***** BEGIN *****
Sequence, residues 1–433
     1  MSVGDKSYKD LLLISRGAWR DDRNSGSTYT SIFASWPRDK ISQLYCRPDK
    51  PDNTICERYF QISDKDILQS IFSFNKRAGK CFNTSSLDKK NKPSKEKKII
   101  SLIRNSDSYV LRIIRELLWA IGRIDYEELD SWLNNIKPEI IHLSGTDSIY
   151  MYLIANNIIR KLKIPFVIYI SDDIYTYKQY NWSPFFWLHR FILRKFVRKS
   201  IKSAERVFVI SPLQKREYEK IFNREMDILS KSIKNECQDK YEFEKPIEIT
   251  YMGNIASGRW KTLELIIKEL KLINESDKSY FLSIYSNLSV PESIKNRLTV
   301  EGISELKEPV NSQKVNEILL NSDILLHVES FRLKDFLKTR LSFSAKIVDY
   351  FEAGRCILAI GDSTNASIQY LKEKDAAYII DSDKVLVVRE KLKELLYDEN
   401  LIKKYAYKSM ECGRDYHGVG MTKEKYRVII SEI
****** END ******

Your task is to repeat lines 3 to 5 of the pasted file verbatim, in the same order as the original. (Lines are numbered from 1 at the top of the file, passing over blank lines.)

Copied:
    51  PDNTICERYF QISDKDILQS IFSFNKRAGK CFNTSSLDKK NKPSKEKKII
   101  SLIRNSDSYV LRIIRELLWA IGRIDYEELD SWLNNIKPEI IHLSGTDSIY
   151  MYLIANNIIR KLKIPFVIYI SDDIYTYKQY NWSPFFWLHR FILRKFVRKS